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By: Kayla Kowalski, Certified Canine Nutritionist

Dogs & Wolves Share 99% of The Same DNA

Yes, you heard that right! Chihuahuas, loyal Golden Retrievers, and even the most precious lil Wiener Dog shares about 99% of their DNA with wolves. This means that they are biologically designed to eat a raw food diet just like their distant cousins, the wolves. Feeding your dog raw foods is nature’s prescription to improve your dog’s health and potentially add years to their life. 

Switching your dog to a fully raw diet would be incredible, but in reality, raw feeding can be tough. Most people aren’t ready to transition their dog to a fully raw diet. Instead, adding fresh food to your dog’s kibble is a great way to start! This is less time-consuming and *ahem* sometimes way more affordable! 

Safety First

If you and your dog are new to mixing kibble together with raw food, there is no need to fear. Dogs' stomachs are full of digestive enzymes, natural flora & bile to process raw food & protect their intestines from harmful bacteria, including salmonella. Dogs actually have 100x more acid in their stomach than humans. Starting a raw dog food diet is safe and easy, as long as you take things slow and follow these suggestions:

It is important to include the proper supplements to aid their digestive system and ensure a smooth transition for your dog. I recommend giving your dog high-quality probiotics, such as Native Pet’s probiotic powder. Probiotic powder is great to continuously add to your dog’s bowl as it can help improve your dog’s gut health and keep them happy with their new diet! About 80% of your dog’s immune system is in their gut, meaning a healthy gut is crucial to help your dog live as long as possible. A stronger immune system decreases your dog’s risk of contracting diseases, viruses & infections. 

You want to make sure that when you do decide to add healthy toppers to your dog’s kibble, you take things very slowly if your dog has a sensitive stomach. 

Introduce one new food at a time and wait a few days to see how your dog reacts to this new item.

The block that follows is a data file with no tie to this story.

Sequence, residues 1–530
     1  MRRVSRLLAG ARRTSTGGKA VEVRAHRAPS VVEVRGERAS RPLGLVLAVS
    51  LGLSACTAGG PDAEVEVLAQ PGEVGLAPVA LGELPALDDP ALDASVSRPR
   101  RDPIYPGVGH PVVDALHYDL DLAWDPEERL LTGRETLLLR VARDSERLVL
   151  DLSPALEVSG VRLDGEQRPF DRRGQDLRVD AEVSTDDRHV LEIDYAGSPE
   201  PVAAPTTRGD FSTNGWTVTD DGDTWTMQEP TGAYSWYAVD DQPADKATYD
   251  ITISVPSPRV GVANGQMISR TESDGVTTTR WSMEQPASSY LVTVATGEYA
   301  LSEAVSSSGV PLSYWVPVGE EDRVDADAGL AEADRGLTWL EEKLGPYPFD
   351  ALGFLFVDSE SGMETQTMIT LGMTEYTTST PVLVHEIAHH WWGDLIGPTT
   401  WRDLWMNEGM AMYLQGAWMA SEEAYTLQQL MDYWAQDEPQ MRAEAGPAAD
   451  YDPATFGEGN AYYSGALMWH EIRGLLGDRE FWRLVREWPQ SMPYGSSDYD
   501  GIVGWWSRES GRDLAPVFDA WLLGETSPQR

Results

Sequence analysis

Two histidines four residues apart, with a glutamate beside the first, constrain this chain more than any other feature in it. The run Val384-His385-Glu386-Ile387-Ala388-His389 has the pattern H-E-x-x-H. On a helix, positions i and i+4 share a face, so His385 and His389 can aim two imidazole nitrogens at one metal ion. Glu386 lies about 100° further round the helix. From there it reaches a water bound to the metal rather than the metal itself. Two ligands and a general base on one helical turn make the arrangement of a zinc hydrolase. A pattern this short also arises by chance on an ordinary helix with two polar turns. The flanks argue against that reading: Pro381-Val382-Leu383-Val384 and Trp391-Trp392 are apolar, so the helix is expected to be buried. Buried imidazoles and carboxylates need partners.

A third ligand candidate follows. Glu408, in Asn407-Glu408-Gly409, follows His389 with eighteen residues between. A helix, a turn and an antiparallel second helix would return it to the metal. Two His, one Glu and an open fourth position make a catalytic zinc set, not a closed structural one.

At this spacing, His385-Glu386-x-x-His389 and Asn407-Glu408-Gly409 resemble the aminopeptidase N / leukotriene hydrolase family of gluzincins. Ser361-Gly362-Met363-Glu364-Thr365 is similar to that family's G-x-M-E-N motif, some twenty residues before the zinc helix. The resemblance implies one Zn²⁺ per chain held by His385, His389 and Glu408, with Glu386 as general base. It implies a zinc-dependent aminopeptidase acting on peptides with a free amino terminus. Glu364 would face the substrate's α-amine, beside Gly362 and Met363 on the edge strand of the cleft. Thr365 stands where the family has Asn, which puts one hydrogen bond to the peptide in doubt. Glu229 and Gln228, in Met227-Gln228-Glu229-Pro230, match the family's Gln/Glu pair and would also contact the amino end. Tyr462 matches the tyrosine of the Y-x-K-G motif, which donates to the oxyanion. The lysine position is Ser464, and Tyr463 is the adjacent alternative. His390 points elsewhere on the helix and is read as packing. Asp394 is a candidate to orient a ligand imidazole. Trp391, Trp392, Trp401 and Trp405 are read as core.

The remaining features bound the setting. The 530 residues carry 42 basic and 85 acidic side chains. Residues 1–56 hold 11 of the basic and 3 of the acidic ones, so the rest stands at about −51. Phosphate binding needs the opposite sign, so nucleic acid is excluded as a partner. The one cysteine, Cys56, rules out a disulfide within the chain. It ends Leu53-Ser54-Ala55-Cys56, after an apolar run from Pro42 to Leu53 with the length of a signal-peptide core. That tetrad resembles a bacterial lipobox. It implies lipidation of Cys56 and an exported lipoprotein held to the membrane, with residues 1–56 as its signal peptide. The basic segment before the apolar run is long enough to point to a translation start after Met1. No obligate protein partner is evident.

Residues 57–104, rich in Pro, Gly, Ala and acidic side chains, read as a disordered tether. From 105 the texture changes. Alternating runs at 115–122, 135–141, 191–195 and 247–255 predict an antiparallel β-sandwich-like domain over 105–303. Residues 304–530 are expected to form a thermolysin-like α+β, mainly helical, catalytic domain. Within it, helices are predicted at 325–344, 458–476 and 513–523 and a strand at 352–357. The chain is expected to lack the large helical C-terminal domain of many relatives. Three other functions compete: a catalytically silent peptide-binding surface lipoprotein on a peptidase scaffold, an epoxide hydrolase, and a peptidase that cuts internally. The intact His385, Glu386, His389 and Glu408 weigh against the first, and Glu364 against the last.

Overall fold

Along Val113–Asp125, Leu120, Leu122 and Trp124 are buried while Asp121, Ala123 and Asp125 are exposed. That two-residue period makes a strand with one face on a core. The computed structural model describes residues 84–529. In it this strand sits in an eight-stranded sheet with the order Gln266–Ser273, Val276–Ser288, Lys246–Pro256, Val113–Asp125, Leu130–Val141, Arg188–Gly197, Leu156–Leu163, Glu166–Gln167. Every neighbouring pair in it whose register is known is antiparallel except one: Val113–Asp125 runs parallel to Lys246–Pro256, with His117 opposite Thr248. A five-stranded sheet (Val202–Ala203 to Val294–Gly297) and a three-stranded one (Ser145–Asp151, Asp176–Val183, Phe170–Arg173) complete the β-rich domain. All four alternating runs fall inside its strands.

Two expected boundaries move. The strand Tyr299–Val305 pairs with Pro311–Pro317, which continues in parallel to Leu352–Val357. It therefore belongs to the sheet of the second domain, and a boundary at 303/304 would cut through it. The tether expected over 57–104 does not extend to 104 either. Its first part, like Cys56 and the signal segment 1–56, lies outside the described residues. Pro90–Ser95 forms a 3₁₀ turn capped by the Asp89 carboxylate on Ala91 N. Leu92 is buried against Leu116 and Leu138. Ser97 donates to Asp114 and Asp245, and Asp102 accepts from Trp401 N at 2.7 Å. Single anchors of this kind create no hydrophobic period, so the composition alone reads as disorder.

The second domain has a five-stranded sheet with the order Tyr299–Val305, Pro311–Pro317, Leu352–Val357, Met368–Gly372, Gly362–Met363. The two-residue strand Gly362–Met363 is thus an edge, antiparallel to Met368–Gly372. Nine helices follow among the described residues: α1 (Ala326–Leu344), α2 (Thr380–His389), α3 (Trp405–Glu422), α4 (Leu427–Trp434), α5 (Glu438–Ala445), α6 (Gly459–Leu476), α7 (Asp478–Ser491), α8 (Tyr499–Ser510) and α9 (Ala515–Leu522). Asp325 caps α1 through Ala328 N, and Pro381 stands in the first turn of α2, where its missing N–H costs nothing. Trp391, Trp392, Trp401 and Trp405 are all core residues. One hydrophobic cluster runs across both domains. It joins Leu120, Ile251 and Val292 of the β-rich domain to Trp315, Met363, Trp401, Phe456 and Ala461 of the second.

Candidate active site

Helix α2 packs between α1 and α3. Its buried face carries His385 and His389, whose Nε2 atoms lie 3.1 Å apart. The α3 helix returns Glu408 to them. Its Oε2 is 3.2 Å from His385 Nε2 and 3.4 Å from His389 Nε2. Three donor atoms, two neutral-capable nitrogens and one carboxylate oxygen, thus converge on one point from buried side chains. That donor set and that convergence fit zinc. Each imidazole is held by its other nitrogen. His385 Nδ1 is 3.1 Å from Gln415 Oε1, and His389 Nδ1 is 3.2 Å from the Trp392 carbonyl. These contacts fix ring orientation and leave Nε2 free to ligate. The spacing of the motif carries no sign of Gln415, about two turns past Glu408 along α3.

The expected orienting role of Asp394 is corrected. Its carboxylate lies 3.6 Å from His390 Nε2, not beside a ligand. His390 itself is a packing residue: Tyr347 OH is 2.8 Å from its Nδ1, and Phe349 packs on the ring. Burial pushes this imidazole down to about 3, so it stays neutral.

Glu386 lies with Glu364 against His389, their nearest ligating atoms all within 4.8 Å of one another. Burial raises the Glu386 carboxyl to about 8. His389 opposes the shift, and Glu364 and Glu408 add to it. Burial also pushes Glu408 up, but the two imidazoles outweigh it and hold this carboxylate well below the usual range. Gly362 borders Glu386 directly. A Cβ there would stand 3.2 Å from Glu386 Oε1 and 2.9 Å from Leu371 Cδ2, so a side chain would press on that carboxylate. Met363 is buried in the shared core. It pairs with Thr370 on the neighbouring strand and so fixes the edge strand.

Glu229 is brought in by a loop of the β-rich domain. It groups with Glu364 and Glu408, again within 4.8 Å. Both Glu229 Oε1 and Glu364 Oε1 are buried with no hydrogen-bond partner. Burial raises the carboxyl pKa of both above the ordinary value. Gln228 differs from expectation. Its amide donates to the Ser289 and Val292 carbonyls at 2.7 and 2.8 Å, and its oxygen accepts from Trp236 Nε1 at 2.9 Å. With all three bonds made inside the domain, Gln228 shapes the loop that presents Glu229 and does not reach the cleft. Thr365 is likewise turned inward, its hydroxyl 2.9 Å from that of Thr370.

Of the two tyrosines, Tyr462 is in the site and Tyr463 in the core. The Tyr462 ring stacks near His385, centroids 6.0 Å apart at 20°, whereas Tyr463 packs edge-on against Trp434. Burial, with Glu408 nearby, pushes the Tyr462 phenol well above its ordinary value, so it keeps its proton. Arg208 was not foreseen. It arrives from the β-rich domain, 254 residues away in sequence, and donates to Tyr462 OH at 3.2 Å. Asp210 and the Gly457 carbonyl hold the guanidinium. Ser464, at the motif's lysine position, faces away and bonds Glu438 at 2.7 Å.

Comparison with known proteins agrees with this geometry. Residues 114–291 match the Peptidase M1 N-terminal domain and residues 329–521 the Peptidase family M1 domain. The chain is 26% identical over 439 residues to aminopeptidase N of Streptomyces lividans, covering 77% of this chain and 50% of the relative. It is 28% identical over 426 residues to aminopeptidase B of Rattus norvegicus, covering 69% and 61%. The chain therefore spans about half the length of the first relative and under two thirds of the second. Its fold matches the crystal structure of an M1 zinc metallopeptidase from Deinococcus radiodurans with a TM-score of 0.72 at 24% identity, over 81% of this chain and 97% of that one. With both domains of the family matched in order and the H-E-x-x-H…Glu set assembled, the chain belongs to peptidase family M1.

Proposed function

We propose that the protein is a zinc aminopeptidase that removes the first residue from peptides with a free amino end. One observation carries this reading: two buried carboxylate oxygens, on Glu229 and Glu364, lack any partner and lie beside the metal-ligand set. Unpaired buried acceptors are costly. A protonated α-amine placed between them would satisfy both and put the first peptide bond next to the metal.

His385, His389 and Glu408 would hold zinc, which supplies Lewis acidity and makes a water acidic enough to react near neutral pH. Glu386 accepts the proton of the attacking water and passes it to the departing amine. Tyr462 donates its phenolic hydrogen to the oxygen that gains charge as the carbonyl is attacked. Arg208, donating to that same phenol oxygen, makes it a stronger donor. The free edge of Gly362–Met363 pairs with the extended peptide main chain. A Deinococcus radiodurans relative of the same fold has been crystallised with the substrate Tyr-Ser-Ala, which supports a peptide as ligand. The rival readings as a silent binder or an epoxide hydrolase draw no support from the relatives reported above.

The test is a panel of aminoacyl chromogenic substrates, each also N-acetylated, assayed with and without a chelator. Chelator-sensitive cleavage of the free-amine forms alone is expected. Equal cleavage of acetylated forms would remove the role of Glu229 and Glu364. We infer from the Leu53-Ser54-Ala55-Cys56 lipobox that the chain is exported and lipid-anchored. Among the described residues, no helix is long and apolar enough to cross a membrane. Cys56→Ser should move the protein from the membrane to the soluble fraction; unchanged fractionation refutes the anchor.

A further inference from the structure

Take into account their poop and make sure they don’t have any adverse reactions to the foods. This way you can get a better understanding of how well your dog is adjusting to their new diet.

Start with The Right Kibble

Start with The Right Kibble

Before adding fresh food to your dog’s kibble, the first step is to carefully examine the kibble that you’re buying from the pet store. You want to make sure it contains high quality ingredients and is free of unnecessary fillers and preservatives. Bonus points if it is also grain-free – we want to keep their diet low in carbohydrates. When looking at the list of ingredients, the first ingredient listed is the most present in your dog’s kibble. Ideally, you want to make sure the first 3 ingredients are protein because that makes up the majority of your dog’s diet. And ideally, not corn or meat byproduct. Chicken is fantastic, but chicken byproduct is far from human-grade and often means the worst parts of the chicken… yikes! A dream scenario for the first 3 ingredients looks like this: chicken, chicken liver, egg.

Hydration is Key

You can actually dehydrate your dog by feeding certain kibble brands! Typically, kibble has an extremely low moisture content in order to be small, lightweight, and have a long shelf life. It’s often dried in scorching hot heat and is considered a highly processed dehydrated form of dry dog food. It is important to always rehydrate your dog’s kibble with at least warm water (bonus points if the water is filtered). This way your dog’s body doesn’t have to work as hard and it makes eating more enjoyable for your dog because nobody likes dry food.

If you want to take your dog’s hydration to the next level, give them bone broth! Your pup’s wolf ancestors will be jealous!

Great options to rotate between: